Understanding Adoption Papers
A birth mother relinquishing her child signs forms known as the Relinquishment of Parental Rights - commonly referred to as adoption papers. These forms can be signed no earlier than 48 hours after the birth. Once signed, they are final. The birth mother can not change her mind after these papers are signed. The birth father's involvement in relinquishment will vary depending on a number of factors, but he has a legal right to be included in the process.
Adoption papers can also refer to the documents collected by those undertaking an adoption, who must gather together birth certificates, police and Social Service clearances, a home study, and other papers as required. Those involved in international adoptions will need to add documents from Immigration and Naturalization to their list of required materials.
But in most cases, when people discuss adoption papers they are referring to the certificate of adoption and any accompanying paperwork. If the adoption was done through an agency, the actual documents will vary depending on a number of circumstances, including where you were adopted from and the year in which you were adopted. Often there will be an intake report that details how you came to the adoption agency, medical records from the time you were under the agency's supervision, and legal paperwork.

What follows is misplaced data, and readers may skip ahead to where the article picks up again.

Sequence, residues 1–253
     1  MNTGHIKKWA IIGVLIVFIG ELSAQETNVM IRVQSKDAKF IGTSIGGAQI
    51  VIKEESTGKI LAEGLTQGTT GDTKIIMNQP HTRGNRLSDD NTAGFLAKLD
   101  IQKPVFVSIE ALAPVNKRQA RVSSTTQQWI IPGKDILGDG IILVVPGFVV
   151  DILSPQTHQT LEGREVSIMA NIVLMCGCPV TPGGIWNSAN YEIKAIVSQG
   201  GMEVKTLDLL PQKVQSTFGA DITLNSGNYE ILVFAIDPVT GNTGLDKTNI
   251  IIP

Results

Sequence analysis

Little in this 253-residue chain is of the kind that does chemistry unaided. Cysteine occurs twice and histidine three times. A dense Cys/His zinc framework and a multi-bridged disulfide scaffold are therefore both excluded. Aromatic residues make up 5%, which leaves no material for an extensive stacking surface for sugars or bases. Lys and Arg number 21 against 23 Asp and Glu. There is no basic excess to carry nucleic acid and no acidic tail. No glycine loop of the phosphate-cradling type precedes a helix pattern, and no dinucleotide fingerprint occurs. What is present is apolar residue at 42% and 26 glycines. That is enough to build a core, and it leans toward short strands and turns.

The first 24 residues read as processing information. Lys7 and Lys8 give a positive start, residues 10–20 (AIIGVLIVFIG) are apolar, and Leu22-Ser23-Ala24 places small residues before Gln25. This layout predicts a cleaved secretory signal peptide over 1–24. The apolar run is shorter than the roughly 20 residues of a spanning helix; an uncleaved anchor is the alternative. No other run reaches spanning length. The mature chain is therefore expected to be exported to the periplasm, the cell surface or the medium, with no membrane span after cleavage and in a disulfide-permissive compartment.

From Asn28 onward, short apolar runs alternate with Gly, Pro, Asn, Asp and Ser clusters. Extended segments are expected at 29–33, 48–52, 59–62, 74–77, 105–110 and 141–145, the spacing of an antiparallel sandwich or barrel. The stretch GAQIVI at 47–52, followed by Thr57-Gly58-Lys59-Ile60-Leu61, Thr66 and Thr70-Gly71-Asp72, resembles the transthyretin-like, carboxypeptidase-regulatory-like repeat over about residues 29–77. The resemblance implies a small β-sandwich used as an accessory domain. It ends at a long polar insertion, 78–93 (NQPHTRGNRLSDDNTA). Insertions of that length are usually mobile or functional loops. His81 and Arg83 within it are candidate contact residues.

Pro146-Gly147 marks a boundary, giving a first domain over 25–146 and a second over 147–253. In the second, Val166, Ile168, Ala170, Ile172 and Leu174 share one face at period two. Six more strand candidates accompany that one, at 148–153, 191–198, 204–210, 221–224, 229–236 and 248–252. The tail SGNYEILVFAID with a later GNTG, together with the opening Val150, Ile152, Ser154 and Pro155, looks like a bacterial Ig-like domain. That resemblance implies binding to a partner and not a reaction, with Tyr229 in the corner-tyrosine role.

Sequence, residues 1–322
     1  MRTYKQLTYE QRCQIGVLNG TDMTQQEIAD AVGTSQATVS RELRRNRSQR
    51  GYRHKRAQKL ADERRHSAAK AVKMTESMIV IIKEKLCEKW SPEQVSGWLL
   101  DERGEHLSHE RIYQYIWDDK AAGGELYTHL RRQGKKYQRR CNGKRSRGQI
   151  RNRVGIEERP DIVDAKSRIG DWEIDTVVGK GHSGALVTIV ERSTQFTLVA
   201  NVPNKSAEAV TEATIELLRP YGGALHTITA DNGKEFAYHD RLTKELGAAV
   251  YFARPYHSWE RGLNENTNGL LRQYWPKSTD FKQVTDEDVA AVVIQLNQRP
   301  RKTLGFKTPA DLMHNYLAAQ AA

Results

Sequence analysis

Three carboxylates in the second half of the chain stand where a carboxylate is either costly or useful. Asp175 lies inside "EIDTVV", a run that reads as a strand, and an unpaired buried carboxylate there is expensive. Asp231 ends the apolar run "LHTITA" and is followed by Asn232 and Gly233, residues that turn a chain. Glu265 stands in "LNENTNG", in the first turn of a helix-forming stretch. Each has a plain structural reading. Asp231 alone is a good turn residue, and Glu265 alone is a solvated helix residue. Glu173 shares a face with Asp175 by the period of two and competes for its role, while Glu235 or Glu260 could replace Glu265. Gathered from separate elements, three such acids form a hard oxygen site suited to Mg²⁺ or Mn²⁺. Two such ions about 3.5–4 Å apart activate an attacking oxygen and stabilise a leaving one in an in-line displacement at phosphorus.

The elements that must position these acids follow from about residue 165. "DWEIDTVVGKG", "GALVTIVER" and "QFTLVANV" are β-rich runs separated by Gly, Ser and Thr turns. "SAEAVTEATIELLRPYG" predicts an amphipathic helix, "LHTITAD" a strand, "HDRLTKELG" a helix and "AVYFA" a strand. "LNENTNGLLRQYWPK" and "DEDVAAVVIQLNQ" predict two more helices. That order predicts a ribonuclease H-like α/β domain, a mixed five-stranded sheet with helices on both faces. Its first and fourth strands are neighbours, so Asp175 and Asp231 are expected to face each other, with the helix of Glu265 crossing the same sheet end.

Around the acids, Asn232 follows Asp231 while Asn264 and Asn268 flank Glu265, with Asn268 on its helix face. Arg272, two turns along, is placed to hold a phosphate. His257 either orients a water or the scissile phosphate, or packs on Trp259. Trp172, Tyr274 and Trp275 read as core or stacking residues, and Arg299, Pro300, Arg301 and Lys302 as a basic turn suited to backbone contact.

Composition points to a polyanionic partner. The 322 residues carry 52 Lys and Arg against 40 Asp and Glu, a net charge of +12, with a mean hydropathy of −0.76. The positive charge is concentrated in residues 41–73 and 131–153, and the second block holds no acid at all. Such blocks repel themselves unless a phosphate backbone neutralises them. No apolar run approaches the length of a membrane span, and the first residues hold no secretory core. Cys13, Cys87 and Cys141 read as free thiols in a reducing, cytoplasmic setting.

Agencies are required to keep a permanent copy of all paperwork they might have, and typically the adoptive parents receive a copy of all adoption papers. Once they reach the age of 18, adoptees are legally entitled to see all adoption paperwork the agency might have.
In an independent adoption, where there is no agency involved, adoption papers would again consist of a certificate of adoption and whatever else might be required by the state. Independent adoptions are legal in most but not all states.